EM=C2 Eating Meat = Catastrophe2
Written by Aryan Tavakkoli
Created Tuesday, 17 January 2012
Several years down the line, the situation has become even more critical. All over the world, scientists are speaking out, warning governments, leaders and the public alike, that we need to act, we need to change. Time is running out, fast. For those aware of the climate crisis, every other problem pales in comparison. It is something affecting, or that will affect, every person on the planet. There is no escaping the changes heading our way, unless we change our track, now. Yet observing what is going on, one sees many people still live as though there is no problem at all.
Feeling helpless, take action!
Do we feel helpless to make any noticeable change in averting the predicted disasters? Have we given up hope, leaving it instead to our governments to find all the solutions? Perhaps individuals feel powerless and think it’s up to the multi-billion dollar enterprises and our leaders to make the changes. There’s no denying the role of governments and leaders is crucial in alerting the public to the dangers ahead and actions
required to avert catastrophic climate change but it would be a mistake to believe individual action is ineffective. Nothing could be further from the truth.
One powerful action can have a significant impact on climate change. It’s a lifestyle change bringing more carbon savings and environmental benefits than probably all other lifestyle changes put together. Our diet, specifically, reducing or eliminating meat has largely been ignored but is now gaining recognition and earning its rightful place as one of the foremost influential factors in curbing climate change.
a chilling figure. The impact of a meat-based diet on our individual carbon footprint has also been calculated. According to a team of researchers from Chicago University,2 we would reduce our individual carbon footprint more by switching to a plant-based diet (an estimated
reduction of one and a half tonnes of carbon emissions per person annually) than by switching to driving a hybrid car. For a family of four, there
could be a potential household reduction of carbon emissions of one tonne yearly, if the family car is changed to a hybrid and by six tonnes per year if the family cuts out animal produce from their diet. This explains the saying that a vegan driving an SUV is more environmentally friendly than a meat-eater riding a bicycle.
Cutting out meat, or at least significantly reducing it in our diet, will potentially have a far more rapid effect in reducing the effect of greenhouse gas emissions than relying on corporate industries to reduce their emissions. To understand this, one must appreciate the full impact of methane, the greenhouse gas generally less mentioned.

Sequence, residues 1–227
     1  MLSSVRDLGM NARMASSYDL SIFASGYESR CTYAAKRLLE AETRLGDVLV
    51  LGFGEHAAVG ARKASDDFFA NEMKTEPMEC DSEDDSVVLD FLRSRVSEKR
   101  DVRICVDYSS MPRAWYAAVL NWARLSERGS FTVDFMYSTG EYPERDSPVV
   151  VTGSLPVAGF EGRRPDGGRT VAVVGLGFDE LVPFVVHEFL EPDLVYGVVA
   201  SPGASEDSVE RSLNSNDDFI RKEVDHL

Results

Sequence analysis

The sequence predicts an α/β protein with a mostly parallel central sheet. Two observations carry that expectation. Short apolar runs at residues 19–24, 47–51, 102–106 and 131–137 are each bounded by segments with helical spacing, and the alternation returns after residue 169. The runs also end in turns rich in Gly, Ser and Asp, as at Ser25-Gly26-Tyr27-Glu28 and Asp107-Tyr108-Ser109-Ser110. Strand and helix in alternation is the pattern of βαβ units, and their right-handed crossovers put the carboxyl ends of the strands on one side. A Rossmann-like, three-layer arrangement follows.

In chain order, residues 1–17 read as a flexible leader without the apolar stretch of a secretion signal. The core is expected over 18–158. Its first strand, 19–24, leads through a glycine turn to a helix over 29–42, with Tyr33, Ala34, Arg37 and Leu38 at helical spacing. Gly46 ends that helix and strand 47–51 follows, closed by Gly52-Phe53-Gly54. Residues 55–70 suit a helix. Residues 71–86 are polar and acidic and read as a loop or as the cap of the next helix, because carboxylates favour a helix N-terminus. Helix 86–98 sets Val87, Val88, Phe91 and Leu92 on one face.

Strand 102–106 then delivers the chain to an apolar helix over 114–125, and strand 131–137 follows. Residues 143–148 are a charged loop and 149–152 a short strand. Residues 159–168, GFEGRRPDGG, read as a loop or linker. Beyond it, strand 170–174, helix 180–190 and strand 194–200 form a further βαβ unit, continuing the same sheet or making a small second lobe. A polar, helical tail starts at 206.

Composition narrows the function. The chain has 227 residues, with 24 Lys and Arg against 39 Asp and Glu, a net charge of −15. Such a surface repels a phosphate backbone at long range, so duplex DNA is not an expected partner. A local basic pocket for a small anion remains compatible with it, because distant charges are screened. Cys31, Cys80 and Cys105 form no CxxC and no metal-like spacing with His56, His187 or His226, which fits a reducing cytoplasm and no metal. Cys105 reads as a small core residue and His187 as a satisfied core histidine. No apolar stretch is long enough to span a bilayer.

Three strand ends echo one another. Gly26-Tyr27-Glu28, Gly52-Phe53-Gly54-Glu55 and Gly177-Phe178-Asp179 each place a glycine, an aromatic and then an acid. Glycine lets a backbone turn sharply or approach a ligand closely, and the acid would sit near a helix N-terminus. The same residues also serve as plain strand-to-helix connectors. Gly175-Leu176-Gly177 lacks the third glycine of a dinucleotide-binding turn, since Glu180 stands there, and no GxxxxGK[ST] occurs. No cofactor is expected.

times as toxic as CO2 over a 100-year period, but over a 20-year period, it is 72 times as potent as CO2. In Australia alone, the cattle industry currently releases about three million tonnes of methane yearly, and their coal-fired power stations release about 180 million tonnes of CO2. Although it seems coal-fired power stations contribute much more to global warming than do cattle, when you multiply three million tonnes by 72, to calculate the correct potency of methane, compared to CO2, it becomes very clear that cattle and sheep actually contribute more to global warming than coal-fired power stations.3
Near climate tipping point
We are already close to “tipping point,”4 where a further small rise in Arctic temperature is predicted to be the catalyst for runaway global
warming.5 The potentially dangerous release of toxic amounts of methane gas from the ocean bed and thawing permafrost is a real and imminent danger. If temperatures continue to rise, the subsequent release of an estimated 400 Gigatons6 of methane could be the final tipping
point spelling the end of civilization as we know it. There is no time to lose in reducing our emissions dramatically and rapidly. There is a practical way this can be achieved, by focusing on reducing human-induced methane emissions.
While it is imperative to sharply reduce our carbon dioxide emissions, an emphasis on reducing methane emissions is a faster, more practical approach to address rising temperatures in the short term. The urgency with which we need to do this does not allow time to research methods to reduce methane emissions from livestock. Reducing the amount of meat we consume and numbers of animals bred for meat will reduce the amount of this powerful greenhouse gas in the atmosphere, which strongly affects global warming in the short term. On an individual level,
cutting out animal produce is the single most effective way to reduce our eco-footprint. On a collective level, the effects would be enormous.
If everyone in the UK ate no meat for just one day a week, it’s been calculated this would save 13 Megatonnes of CO2,10 resulting in greater carbon savings than taking five million cars off the road in the UK (10.4 Megatonnes CO2). If everyone in the UK abstained from eating meat for two days a week, they would save 26 megatons of greenhouse gas emissions, the equivalent of almost 73 million return flights from London to Ibiza.
Closer to home, significant reductions in greenhouse gas emissions could also be achieved. New Zealand’s animal farming industry produces an
amazing 50% of the entire nation’s greenhouse gas emissions, a higher figure than any other country.11 It could be argued New Zealand’s total emissions comprise a very low proportion of the world’s emissions, but per capita, our level of emissions is high at 12th in the world, so there is a moral responsibility for more affluent nations to lead the way by showing a switch to a more plant-based diet is not only achievable but also sustainable in the long term. It is time for all nations to consider the survival of the human race as the priority, rather than short-term economic benefits.